Robinson: Judgement of the Saints (1 Cor. 6) the weak brother (who is probably a Jew) (Rom. 14: 3, 10), Paul's emissary Timothy (1 Cor. 16:11), Paul himself as a speaker (2 Cor. 10:10) and as a preacher (Gal. 4:14) and prophets (1 Thess. 5:20) The very word Paul uses betrays his sensitivity to the fact that the Jew is not always appreciated as he should be in the discharge of his special ministry to his Gentile brethren. ‘Is it so, that there cannot be found among you one wise man, who shall be able to decide between his brethren?’ This verse shows that submit to the judgement of the saints' means to ask for a ruling from those members of the church who are σοφοί. There is no doubt an allusion here to Deut. 1:13-16, with its parallel in Ex. 18:21ff., ‘So I took the heads of your tribes, wise men (σοφοί) . . . and I charged your judges at that time, saying, Hear the causes between your brethren, and judge righteously between a man and his brother'. But, more than that, Paul's words hark back to all he has himself said about σοφία in the opening chapters of this epistle. The wisdom of God, of which Paul speaks, is not a natural endowment of the Gentiles. That would be ‘the wisdom of the world’, which even 'unjust judges' might well possess. But God's wisdom has been revealed to those elect servants among the Jews whom He has prepared, ‘his holy apostles and prophets’ (Eph. 3:5), that they might speak it among the Gentiles. The heart of this wisdom is Christ Himself and the gospel concerning Him. But it is at the same time a practical, ethical wisdom, teaching 'the law of the Christ' to all disciples. And in this respect, the ethical principles of love and equity are already found in the law of the Old Testament. The education of the Jew which, without faith in Christ, brings only condemnation, comes into its true fulfilment in the body of Christ. Such a Jew (like Apollos, for instance, ‘mighty in the scriptures’) has a special ministry to discharge towards his Gentile brother with no such background in the ‘hidden wisdom’ of the Old Testament. Rom 2 :17-20 well describes that ministry. 1 Cor. 6:1ff. is more than a piece of practical exhortation on litigation. It shows Paul contending for a proper recognition of the vocation and ministry of the true Jew in the church; not for anything the Jew is of himself, but as the prepared 'witness and 7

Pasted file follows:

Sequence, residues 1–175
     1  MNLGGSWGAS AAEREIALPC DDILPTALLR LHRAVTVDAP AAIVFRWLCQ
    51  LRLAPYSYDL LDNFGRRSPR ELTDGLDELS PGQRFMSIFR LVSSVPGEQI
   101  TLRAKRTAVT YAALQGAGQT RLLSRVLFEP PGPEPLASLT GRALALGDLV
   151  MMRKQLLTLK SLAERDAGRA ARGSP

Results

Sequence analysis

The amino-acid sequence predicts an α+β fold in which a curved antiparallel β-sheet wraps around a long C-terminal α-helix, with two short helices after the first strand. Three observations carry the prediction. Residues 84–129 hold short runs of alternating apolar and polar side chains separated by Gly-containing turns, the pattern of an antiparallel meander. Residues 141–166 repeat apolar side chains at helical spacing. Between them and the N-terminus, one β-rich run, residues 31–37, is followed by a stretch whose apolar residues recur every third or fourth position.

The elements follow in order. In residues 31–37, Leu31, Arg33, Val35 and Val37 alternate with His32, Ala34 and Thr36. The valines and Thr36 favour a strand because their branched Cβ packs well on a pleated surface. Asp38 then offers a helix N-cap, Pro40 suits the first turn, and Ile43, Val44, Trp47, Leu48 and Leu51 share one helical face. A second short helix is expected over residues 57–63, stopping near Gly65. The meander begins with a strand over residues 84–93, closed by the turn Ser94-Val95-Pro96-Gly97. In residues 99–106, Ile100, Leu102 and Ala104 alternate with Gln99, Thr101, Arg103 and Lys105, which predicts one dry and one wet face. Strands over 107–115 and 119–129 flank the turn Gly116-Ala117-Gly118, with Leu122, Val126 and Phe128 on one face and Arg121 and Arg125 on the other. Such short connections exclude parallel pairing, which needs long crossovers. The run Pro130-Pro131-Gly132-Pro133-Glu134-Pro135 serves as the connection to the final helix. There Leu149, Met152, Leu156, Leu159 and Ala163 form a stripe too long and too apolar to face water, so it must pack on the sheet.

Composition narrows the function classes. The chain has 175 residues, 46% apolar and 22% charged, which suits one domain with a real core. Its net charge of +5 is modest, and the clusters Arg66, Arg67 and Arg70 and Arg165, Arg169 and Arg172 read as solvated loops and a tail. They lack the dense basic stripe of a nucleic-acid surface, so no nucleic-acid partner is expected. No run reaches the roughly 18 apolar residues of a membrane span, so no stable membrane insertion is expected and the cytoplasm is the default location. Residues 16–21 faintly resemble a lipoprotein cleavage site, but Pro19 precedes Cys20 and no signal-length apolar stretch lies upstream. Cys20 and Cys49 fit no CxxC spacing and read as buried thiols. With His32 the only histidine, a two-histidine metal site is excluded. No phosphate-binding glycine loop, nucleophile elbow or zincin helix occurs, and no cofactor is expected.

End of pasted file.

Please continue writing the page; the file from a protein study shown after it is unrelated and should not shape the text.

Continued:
Tyndale Bulletin 10 (1962) keeper' of the Old Testament, which is able to make men, ‘wise to salvation' when the key to its understanding is 'the faith that is in Christ Jesus'. A Paraphrase ‘Does any one of you, with a case against his fellow, have the effrontery to submit to the judgment of the unjust judges (of the world) rather than to the judgment of "the saints" (the appointed custodians of the law of God) ? Or have you forgotten the teaching that "the saints" (the faithful Jews)shall judge the world ? And if this judgment of the world (by your fellow believers) is taking place in your very midst (since you now form one body with believing Jews in Christ), are you unworthy to submit to their rulings in minor matters? Have you forgotten that we ( Jews) shall sit in judgment on angels? How then could we fail to have a law by which to govern everyday matters? So then—if you must have everyday matters to come up for arbitration, have a thought for those men who (right now) are despised (by you) in the church; put them on the arbitrator's seat ! I speak like this to make you ashamed. Is your situation such that there is not a single wise man (i.e. instructed in the law by the Spirit of Christ) in your midst (—have you no representative of the saints—) who shall have the qualifications to arbitrate between a man and his brother?' 8